DIY Your Own Solid Perfume to Smell Great, Naturally

Solid perfume in antique looking bronze cases.

Tara Aveilhe / Flickr / CC BY-NC-ND 2.0

Overview
  • Working Time: 15 minutes
  • Total Time: 45 minutes
  • Yield: 2 ounces solid perfume
  • Skill Level: Beginner
  • Estimated Cost: $20

We've all been there: on a bus or in a meeting with someone who has decided that if one spritz of perfume or cologne is good, then ten must be better! Whenever I'm in one of those situations, I'm never thinking "wow, what a great floral scent!" I'm usually thinking how much better actual flowers smell than whatever perfume the person is wearing.

In addition to my dislike of the cloying scent of most commercial perfumes, a look at the ingredient list does nothing to improve my opinion. On average, commercially-produced perfumes contain anywhere between 10 and 250 ingredients, including:

  • Ethyl acetate
  • Acetophenone
  • Acetone
  • Denatured alcohol
  • Phthalates

In addition, an article published by Rodale highlights a study in which ten popular commercially-produced perfumes contained ingredients that caused everything from allergic reactions to possible sperm damage and hormone disruption. Sexy, eh? I'm pretty sure we can do better.

What You'll Need

Tools

  • 1 small glass bowl
  • 1 medium saucepan
  • 1 storage container of your choosing

Materials

  • 1/8 cup sweet almond or olive oil
  • 1/8 cup beeswax (use soy if vegan)
  • 10 to 20 drops essential oils

Instructions

In general, there are four scent families you'll be working with, as shown below:

  • Fresh scents include: herbs, lemon, orange, bergamot, lime, and grapefruit.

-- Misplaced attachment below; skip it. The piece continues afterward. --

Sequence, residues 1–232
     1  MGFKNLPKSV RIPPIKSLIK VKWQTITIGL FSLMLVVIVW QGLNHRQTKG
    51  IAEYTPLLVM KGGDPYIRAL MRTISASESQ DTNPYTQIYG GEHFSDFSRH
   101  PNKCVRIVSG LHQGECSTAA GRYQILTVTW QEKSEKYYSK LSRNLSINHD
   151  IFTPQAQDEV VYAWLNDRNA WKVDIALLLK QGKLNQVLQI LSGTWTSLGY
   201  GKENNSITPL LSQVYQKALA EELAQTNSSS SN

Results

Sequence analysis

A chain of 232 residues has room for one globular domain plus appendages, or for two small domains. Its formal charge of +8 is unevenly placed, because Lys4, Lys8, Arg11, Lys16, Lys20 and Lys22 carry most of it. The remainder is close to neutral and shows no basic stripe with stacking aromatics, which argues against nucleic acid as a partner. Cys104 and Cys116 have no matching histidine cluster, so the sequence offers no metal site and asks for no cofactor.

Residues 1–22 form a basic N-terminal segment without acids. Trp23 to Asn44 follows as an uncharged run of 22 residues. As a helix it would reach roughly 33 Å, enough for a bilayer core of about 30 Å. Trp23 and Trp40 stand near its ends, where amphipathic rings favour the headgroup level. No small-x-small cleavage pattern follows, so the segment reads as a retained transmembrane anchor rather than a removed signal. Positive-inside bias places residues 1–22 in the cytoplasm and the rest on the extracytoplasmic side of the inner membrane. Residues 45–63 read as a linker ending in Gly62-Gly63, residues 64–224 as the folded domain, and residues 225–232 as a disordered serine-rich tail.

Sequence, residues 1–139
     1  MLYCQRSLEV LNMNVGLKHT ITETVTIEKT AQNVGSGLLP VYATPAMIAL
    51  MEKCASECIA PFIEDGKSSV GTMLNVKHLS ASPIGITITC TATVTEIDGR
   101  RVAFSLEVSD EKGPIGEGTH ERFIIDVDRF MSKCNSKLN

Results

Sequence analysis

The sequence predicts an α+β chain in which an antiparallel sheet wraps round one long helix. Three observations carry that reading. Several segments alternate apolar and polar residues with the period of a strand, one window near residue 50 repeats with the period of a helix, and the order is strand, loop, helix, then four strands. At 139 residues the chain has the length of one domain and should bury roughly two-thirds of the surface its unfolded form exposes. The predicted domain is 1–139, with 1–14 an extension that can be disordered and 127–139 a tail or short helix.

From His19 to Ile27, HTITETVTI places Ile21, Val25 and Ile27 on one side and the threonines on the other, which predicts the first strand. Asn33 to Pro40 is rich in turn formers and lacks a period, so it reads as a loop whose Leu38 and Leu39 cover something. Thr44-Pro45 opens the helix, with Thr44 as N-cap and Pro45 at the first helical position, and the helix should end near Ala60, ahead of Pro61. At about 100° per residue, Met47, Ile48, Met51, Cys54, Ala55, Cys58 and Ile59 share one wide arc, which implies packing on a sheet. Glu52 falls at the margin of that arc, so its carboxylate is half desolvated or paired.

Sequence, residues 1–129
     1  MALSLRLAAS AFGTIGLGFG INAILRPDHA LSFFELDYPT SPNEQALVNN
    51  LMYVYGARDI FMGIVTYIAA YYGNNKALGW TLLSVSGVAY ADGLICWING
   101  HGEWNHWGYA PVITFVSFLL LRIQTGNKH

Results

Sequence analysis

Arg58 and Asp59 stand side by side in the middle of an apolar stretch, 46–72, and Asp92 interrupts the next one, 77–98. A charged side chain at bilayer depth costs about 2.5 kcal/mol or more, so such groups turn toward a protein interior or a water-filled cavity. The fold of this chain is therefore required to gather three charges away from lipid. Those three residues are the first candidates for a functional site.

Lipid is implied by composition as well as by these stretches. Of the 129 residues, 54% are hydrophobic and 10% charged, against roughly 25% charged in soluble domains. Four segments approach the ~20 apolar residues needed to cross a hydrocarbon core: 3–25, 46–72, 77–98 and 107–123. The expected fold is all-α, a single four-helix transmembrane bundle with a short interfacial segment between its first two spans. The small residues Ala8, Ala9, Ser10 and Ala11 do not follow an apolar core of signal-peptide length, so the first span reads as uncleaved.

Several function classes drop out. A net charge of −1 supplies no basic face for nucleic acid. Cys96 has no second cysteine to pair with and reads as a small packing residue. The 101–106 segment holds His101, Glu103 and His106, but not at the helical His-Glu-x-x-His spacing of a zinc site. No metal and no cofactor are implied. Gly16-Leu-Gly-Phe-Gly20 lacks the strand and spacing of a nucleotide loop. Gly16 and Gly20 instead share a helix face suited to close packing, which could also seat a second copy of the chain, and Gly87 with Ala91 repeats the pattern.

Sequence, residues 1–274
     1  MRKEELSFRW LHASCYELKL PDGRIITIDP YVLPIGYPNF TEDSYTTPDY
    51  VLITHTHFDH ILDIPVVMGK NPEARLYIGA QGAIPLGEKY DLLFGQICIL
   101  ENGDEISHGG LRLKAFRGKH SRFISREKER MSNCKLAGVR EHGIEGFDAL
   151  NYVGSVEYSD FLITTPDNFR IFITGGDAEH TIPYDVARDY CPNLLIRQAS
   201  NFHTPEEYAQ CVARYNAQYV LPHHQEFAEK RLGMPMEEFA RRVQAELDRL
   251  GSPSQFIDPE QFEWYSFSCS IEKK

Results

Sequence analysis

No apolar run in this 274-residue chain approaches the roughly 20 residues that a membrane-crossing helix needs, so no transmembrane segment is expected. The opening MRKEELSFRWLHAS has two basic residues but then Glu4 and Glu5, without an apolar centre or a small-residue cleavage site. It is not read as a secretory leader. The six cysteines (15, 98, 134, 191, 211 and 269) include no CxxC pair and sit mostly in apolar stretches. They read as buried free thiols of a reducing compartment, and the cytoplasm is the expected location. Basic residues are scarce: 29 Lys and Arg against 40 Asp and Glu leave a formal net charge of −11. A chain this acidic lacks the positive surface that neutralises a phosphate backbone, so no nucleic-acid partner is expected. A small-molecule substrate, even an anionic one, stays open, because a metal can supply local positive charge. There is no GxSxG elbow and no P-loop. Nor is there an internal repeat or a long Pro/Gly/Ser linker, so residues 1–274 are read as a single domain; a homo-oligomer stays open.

• Floral scents are pretty self-explanatory. Think rose, lavender, sweet pea, lily of the valley.
  • Oriental scents tend to be warm, spicy, more exotic. They add a lot of depth to a perfume, and include vanilla, cardamom, and clove.
  • Woodsy scents include sandalwood and cedar. These are often associated with more masculine scents, but can be a great addition to a more feminine perfume as well.
  1. Choose Your Fragrance

    The trick comes in developing your own personal scent profile. You can go with a single note fragrance, such as lavender, patchouli, or sandalwood, which can be absolutely heavenly. Or, you can have fun combining fragrances to come up with something all your own

  2. Heat Oil and Wax

    Once you've decided on which fragrances you want to use, add equal parts of oil and wax together to small glass bowl. Carefully place glass bowl in medium saucepan partially filled with water, and heat until the wax is just melted.

  3. Cool, Then Add Essential Oils

    Remove glass bowl from the saucepan and warm water, Let cool, then add between 10 and 20 drops of whichever essential oils you've decided to use. Stir well.

  4. Pour and Set

    Pour liquid mixture into your container(s) of choice and set them aside for about a half hour to set up.

Container Ideas for Solid Perfume

A woman holds an empty heart shaped silver lock necklace.

Dougal Waters / Getty Images

You can reuse several items from around the house to hold your perfume. Lip balm tubes that you've cleaned well can be filled and make very convenient travel perfumes. Old lockets, breath mint tins, and old make up compacts also make great options. If you're making a lot of perfume, look online for perfume making supplies -- you can often find plenty of options for tins and containers that way.

It's easy, and it smells SO much better than most of that artificial stuff.